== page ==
SCHIP Ad Campaign Has an Uphill Battle
ROBERT SIEGEL, Host:
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But as NPR's Julie Rovner reports, the odds of reaching that goal remain extremely long.
JULIE ROVNER: President Bush says he vetoed the bill to add $35 billion to the popular children's health program in part because it costs too much. House Democratic Caucus Chairman Rahm Emanuel, in a preview of Democrats' rhetorical strategy last week, pounced on that.
RAHM EMANUEL: I do agree with the President. We do have excessive spending. We have excessive spending in the war in Iraq. One day of the war in Iraq would give 250,000 children health care in the United States. One week, the war in Iraq would give 1.7 million children health care in the United States.
ROVNER: And in a conference call with reporters this morning, Alan Charney of USAction said his group plans a more personal touch in the targeted districts as well.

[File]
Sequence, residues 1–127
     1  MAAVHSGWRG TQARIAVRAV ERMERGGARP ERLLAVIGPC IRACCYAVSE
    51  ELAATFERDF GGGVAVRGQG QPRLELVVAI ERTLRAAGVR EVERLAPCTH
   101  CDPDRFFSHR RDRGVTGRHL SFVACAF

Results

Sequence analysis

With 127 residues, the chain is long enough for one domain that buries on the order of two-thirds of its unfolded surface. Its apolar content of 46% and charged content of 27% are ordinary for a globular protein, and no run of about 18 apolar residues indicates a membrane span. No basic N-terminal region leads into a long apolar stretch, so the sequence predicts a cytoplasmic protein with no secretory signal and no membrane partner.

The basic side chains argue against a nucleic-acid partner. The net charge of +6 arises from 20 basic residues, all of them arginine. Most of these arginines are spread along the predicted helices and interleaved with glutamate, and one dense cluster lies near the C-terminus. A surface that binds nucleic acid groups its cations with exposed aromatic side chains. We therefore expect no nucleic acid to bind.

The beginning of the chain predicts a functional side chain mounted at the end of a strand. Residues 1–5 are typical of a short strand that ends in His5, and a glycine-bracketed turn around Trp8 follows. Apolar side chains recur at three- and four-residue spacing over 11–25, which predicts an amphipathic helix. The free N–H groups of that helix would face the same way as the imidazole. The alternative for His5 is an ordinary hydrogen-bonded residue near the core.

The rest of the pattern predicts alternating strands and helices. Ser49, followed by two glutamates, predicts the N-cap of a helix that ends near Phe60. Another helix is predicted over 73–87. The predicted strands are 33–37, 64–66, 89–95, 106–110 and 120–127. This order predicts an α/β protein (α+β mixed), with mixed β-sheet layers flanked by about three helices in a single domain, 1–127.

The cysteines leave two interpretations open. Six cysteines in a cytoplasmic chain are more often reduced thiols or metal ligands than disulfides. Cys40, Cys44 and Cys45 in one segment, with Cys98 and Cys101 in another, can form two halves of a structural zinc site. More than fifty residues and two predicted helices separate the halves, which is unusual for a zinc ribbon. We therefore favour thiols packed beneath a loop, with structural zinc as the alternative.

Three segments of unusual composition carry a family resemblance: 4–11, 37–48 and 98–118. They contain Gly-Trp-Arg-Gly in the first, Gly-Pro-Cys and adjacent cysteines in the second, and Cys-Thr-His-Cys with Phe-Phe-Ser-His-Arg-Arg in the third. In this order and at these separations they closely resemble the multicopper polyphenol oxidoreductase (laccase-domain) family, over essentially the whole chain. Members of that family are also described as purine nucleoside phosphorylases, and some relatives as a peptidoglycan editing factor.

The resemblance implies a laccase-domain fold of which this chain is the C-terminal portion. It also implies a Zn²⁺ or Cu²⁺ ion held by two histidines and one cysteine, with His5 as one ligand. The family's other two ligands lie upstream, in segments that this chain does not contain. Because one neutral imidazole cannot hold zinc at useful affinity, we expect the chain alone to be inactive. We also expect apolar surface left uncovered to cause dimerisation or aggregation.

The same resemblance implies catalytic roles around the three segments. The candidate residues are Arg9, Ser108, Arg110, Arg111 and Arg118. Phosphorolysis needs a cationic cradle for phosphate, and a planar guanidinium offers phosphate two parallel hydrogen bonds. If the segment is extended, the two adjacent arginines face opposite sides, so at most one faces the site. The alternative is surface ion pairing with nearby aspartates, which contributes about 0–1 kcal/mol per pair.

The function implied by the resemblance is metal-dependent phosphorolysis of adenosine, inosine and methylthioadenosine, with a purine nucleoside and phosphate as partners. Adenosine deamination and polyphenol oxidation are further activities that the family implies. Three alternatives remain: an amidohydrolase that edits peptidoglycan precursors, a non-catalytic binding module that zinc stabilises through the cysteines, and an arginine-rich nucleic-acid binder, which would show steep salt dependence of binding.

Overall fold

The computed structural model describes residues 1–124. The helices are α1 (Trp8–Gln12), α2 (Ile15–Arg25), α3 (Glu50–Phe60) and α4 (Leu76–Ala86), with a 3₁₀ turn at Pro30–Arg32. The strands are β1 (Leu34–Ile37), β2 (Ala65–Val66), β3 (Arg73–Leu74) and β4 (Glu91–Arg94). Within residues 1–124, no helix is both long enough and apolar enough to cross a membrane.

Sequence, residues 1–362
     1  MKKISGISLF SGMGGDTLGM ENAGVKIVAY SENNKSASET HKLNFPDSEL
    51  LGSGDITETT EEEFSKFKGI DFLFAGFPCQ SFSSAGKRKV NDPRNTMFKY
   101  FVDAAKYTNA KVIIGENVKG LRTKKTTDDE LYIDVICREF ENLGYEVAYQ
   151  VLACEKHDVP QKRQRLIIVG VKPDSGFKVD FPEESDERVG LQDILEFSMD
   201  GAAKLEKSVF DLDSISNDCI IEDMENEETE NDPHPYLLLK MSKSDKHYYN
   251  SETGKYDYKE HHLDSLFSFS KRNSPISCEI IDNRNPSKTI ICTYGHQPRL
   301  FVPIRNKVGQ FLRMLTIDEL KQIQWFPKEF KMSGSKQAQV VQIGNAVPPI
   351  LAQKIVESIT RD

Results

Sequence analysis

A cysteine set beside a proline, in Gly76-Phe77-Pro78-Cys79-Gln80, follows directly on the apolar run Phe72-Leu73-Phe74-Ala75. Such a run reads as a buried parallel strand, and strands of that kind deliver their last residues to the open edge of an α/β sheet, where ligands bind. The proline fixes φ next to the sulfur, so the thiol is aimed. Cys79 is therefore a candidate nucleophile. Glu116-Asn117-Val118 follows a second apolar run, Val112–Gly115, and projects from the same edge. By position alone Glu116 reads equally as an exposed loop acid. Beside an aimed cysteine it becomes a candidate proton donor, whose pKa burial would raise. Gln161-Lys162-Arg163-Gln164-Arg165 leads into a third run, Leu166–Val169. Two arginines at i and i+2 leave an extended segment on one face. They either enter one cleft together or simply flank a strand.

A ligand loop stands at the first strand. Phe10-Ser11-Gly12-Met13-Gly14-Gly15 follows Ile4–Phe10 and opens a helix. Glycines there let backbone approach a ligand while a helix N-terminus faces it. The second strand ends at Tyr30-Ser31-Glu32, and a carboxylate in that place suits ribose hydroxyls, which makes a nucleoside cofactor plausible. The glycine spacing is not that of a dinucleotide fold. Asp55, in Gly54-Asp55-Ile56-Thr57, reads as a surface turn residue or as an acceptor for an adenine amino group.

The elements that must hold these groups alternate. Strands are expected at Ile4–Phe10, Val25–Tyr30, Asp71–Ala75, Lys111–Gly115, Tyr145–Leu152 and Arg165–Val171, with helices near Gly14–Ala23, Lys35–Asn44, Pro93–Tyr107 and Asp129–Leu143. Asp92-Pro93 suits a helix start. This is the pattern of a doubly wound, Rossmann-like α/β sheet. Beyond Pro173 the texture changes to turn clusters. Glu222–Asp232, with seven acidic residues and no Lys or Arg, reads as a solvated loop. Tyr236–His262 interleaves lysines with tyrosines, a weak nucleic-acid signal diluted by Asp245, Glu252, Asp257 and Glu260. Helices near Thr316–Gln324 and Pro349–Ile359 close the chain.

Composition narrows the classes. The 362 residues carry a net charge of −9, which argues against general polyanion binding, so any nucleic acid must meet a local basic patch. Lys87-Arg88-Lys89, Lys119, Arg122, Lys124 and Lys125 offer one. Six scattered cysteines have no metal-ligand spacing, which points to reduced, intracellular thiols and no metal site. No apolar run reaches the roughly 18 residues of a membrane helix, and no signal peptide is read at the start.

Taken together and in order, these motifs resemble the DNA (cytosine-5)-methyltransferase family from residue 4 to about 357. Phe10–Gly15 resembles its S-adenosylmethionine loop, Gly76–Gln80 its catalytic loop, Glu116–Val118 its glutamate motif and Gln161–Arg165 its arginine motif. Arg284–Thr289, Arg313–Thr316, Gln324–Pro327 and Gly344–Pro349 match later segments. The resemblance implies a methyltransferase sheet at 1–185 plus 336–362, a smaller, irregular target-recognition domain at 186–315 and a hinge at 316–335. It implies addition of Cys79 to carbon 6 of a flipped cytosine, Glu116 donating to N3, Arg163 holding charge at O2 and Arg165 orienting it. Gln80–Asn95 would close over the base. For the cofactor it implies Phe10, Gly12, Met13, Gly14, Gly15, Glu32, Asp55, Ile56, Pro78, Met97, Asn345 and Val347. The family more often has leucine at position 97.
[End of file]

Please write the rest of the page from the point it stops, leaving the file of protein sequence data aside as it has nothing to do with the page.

ALAN CHARNEY: Next week, we'll be planning to have activities outside of their offices with children and with red wagons with the theme: don't hitch your wagon to George Bush. Hitch your wagon for the kids of America.
ROVNER: Unidentified Woman: ...of kids, Congressman Walberg has a simple choice - give 10 million children the health care they need or turn his back on those children.
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ROVNER: Still, despite the heavy artillery, House Republicans who oppose the bill, like Joe Barton of Texas, remain confident they'll prevail in the end.
JOE BARTON: In the history of the republic, there have been about twenty-five hundred vetoes. Only 106 of those vetoes have been overridden. This will not be the 107th. Whenever we get to the veto, we will sustain the veto.
ROVNER: And Barton is most likely right, says David Rohde, a political science professor at Duke University.
DAVID ROHDE: Most of the Republicans who would have been affected by this kind of campaign already have voted for SCHIP and will vote to override.
ROVNER: Forty-five Republicans voted for the bill the President just vetoed. That includes most of the chamber's moderates, as well as Republicans from districts considered up for grabs between the parties. What that leaves, Rohde says, are the very safest Republican districts.
ROHDE: Districts that are more tilted in favor of the Republican Party and more made up of conservative voters and that remaining small segment of the country that thinks that the president's doing a good job.
ROVNER: Julie Rovner, NPR News, Washington.
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